Owen Farrell was overlooked for the Lions captaincy after Alun Wyn Jones' injury
Warren Gatland has revealed that he did not consider Owen Farrell for the captaincy of the British and Irish Lions because of fears it would expose him to the kind of criticism that he attracted as England captain during this year’s Six Nations Championship.
Gatland, explaining in detail for the first time about the decision to appoint Conor Murray as the successor to Alun Wyn Jones as tour captain, said he did not want to burden the squad with the “potential negativity” that might have accompanied Farrell’s appointment.
Farrell’s leadership and form came under fire during the Six Nations as England finished in fifth place in the championship.
Maro Itoje, who had originally been tipped as a potential tour captain ahead of Jones, was also overlooked because of the desire by Gatland not to add, like Farrell, any “external pressure” on the England lock.
Murray will captain the Lions for the first time against South Africa A in Cape Town on Wednesday night, becoming the sixth player on the tour to do so, with Jamie George the only England player to have been handed that honour so far.
Jones, Ken Owens, Iain Henderson and Stuart Hogg have also led the side during the opening four matches.
Lions team to face South Africa A
Gatland said that even though he felt Farrell would not be bothered by any criticism directed at him, he preferred the England captain, and Itoje, to be able to play without the burden or responsibility of leadership.
The decision appears to have paid off, with Farrell delivering a number of impressive displays before picking up a slight abdominal strain that has ruled him out of Wednesday’s match that is being billed as a ‘fourth Test’ given the strength of the South Africa A side.
“It was almost a little bit like not wanting to put those other two players under external pressure that may have come their way, as much as anything,” Gatland said.
“They’re very vocal and are very much part of our leadership group. So they’ve got important roles.
“I know there was a lot of stuff said and it doesn’t bother Owen at all because he’s such a competitor. He can handle that sort of stuff and the criticism that came to him about the way he led the side, the way he played for England in the Six Nations – he is able to put that stuff behind him.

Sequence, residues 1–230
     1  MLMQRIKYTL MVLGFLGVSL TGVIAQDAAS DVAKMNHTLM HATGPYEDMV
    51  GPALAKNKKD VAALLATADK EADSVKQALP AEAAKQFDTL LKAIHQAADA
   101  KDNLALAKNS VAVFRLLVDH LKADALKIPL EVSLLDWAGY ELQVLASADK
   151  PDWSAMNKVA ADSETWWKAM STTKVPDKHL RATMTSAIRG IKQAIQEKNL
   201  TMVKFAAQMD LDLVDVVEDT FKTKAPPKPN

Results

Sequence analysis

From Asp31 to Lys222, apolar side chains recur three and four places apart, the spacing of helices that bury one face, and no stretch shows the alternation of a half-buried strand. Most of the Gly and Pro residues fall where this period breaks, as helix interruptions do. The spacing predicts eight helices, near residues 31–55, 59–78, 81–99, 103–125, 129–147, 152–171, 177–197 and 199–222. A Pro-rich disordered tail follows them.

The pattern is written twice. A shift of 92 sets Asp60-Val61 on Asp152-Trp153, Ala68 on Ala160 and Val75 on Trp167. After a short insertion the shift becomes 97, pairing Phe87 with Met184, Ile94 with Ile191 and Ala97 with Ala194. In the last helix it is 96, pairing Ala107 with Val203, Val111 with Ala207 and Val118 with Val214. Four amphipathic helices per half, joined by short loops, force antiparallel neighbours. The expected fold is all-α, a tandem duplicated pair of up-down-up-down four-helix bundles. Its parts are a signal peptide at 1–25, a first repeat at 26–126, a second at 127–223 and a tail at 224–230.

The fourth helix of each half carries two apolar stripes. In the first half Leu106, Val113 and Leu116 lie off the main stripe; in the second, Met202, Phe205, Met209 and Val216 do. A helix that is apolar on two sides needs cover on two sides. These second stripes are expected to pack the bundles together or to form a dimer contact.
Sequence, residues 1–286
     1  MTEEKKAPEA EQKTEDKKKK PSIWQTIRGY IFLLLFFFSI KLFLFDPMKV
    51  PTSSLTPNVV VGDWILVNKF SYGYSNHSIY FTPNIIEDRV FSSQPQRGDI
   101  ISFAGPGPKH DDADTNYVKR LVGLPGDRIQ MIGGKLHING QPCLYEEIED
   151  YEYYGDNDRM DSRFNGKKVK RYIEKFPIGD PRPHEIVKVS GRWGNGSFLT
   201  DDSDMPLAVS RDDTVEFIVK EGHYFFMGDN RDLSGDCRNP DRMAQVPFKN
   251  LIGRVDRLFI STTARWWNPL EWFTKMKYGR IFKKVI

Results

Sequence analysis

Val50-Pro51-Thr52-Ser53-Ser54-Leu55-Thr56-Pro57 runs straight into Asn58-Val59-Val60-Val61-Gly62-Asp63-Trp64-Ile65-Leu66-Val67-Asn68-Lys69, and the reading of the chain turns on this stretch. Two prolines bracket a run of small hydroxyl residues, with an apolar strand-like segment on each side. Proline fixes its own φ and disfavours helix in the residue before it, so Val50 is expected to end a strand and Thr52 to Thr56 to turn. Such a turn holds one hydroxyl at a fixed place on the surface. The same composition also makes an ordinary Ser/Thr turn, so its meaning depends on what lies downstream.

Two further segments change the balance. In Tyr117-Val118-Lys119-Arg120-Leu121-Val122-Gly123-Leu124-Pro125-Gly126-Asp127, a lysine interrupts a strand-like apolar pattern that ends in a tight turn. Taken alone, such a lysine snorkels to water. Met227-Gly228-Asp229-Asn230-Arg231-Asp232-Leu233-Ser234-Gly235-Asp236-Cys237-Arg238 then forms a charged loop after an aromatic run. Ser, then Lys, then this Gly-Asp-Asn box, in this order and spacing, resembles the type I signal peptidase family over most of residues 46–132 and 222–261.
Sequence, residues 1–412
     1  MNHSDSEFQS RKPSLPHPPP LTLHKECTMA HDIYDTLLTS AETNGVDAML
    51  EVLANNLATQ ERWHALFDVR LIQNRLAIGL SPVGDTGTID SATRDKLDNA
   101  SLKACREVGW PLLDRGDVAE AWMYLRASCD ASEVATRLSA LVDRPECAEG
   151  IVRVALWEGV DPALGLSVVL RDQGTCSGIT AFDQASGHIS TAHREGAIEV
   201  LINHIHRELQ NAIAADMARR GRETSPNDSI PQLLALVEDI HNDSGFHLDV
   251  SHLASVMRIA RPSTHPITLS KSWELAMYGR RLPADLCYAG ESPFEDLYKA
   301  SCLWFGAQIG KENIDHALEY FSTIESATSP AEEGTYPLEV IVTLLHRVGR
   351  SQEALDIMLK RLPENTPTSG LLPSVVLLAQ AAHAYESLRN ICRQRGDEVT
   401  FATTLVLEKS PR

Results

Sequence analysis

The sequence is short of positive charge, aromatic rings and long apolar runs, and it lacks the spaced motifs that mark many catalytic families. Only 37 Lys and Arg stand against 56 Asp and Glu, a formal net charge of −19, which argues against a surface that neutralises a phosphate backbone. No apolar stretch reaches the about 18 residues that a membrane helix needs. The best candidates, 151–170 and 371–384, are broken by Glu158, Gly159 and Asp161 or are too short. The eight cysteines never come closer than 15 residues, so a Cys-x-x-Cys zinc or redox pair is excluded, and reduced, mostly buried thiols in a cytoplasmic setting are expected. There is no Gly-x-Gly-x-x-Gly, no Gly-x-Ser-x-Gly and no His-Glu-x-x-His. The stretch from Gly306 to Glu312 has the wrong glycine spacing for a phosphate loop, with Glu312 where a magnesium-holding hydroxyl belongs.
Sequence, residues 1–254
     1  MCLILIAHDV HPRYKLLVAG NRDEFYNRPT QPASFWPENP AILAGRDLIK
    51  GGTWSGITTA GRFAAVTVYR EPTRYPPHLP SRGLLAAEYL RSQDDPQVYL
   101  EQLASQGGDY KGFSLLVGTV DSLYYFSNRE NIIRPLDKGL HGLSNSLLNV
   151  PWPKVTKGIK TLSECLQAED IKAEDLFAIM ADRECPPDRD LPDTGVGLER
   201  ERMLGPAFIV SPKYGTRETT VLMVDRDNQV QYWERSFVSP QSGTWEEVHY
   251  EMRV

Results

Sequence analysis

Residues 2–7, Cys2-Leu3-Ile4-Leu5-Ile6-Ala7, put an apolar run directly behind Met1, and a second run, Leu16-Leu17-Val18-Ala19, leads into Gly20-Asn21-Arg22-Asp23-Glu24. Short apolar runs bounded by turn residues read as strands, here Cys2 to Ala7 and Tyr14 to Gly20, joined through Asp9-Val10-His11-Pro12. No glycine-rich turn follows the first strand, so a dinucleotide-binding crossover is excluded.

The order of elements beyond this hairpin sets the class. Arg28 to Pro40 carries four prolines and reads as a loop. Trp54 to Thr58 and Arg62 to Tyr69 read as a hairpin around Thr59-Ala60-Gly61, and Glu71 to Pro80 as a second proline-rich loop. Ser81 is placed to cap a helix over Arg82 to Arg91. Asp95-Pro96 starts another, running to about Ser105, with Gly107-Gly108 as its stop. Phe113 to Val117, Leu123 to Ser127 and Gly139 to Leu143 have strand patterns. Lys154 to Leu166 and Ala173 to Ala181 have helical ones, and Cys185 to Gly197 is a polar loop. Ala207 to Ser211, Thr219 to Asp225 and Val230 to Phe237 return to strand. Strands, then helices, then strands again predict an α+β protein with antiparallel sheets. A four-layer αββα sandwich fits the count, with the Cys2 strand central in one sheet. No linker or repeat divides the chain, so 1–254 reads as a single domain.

“But I felt, as a group, I didn’t want him to be exposed to it, at the moment. This is a great group of guys, even though it doesn’t bother him, and I didn’t want other players to see some potential negativity that we didn’t need as a group.”
Owen Farrell (left) has been playing well in the warm-up matches
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Farrell had received the most votes when the squad was asked who they would want to be on the tour leadership group, but Gatland insisted that Murray was the right choice to replace Jones – who suffered a dislocated shoulder in the opening game against Japan – even though he has never captained his province Munster or Ireland.
Jones could yet rejoin the squad this week if he passes a medical on Tuesday after making a remarkable recovery from his injury, but Murray is still likely to captain the side for the first Test against the Springboks on July 24.
“We spoke about a number of potential people,” Gatland said. “You feel that if Conor plays well enough then he’s got a good chance of being involved in the Tests. So that was our thinking.
“There’s a very strong leadership group and we spoke to them about the responsibility of supporting Conor as much as possible.
“Conor is incredibly well-liked as a person and gets on well with everyone in the squad.
“And he’s a different personality to say someone like Alun Wyn or Owen Farrell or Stuart Hogg – and we’re going to need other people on this tour to step up and be captain as well.
“So there was a lot of discussion and debate about that, but it kind of comes down to picking someone with experience who has been there.”
Conor Murray (left) has replaced Alun Wyn Jones as Lions captain
Credit: GETTY IMAGES
Gatland admitted there had been a level of surprise at Murray’s appointment within the squad but that he had their full support.
“In the group there was a positive vibe, but I think it probably took people by surprise,” Gatland added.
“Conor wasn’t a front runner, but I felt it was a really good choice having worked with him on the last couple of tours and just knowing what he was like as a person.
“The way he goes around things and conversations, and he is genuinely interested in what people are doing and their families.
“He is not the most vocal person, but Sam Warburton (Lions captain in 2013 and 2017) wasn’t. It’s about the respect that others have for you as a player and person – that to me is as much about leadership as anything else.
“There are different forms of leadership and style. I think Conor will do a great job, but it is a different scenario as there is a lot more responsibility on that leadership to support him and take the pressure off him.
“So they need to step up, be vocal and drive the standards – and we have had meetings to speak about it.
“It is a different type of situation – Alun Wyn with the esteem he was held in – he probably spoke a bit more, and that changes a bit now, but not in a bad way. Just a different way.”